It is a complex set of logistics that build up when you lose your job or are being made redundant. There is a grim emotional stand-still feeling on one hand. On the other hand, there is the anxiety to claim all benefits. While there is the fear of the unknown about what will happen in future, how bills and debts will be paid, how budget will be rescheduled, reallocated and managed and how much time will elapse before you get a new job, whether the new job will demand some ugly adjustments, etc.
Importance of exploring insurance and other benefits, and any other assistance:
Apart from getting mental respite, arrangement of finances is the biggest concern when you lose your job. All your efforts should be concentrated in this direction. For this it is in your interest to know all available options to garner finances, benefits, insurance and other assistance. These options include:
I. Exploring and making optimum utilization of unemployment benefits
Unemployment benefits are available to almost all employees. In fact, if you have lost your job for no fault of your own, you qualify to get unemployment benefits. This is as per the federal/ state unemployment compensation program. As per this program all employees or workers with salary or wages are eligible to get unemployment benefits if their job loss is not attributable to any of their faults. There may be difference in the amount from state to state. But basically, your unemployment benefit is determined based on your last earned salaries.
The duration of unemployment benefits in most states is 26 weeks. However, to deal with economic and financial crises, these benefits have been enhanced under the Emergency Unemployment Compensation (EUC) and the Extended Benefits (EB). You need to know all these provisions to make the best out of them.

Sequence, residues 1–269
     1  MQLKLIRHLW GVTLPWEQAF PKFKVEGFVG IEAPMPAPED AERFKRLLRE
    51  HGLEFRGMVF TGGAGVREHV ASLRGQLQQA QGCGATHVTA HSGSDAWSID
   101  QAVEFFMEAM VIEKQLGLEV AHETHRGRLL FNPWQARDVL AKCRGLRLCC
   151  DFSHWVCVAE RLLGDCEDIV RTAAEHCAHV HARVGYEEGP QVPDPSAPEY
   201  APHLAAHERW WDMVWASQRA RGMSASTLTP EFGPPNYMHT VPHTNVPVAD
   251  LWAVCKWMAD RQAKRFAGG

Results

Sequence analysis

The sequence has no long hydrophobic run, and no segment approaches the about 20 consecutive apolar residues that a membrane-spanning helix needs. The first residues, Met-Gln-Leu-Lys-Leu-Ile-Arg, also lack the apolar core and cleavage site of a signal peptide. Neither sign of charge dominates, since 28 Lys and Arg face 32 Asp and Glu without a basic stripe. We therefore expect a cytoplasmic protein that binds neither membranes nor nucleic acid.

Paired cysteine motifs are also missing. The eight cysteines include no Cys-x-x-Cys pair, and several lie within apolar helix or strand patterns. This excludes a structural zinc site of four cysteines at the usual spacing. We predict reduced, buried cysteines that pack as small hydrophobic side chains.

II. Retirement savings utilization; Cashing out on 401(k) account- risks involved and options available
On being rendered jobless, the most irresistible first option to get a financial padding is the ever tempting 401(k) account. In dire circumstances, you may opt for cashing out your 401 (k). But critics and experts say this should not be your first option because of the taxes and penalties involved. Your employer will withhold 20% of the amount for tax payments. Not just this, you also have to pay a 10% penalty on early distribution unless you are of the age of 55 years or more. This 10% is calculated on the entire withdrawal amount before deducting taxes. Also, your unemployment benefits will be reduced in proportion to retirement account withdrawals. So, you may end up getting much less than what you expected.
III. Other options available on retirement account
To avoid the series of taxes and penalties which will anyway be a huge drain in your finances, especially when you have lost your job, one option is to plan a rollover to an IRA or any other qualified retirement benefit plan.
IV. Other forms of assistance to aid you post job loss
These may be in the form of tax benefits which can vary from tax credits to qualified dividends rate, etc.
In this way, post losing your job, each penny should be taken care of and garnered from as many resources following intelligent research.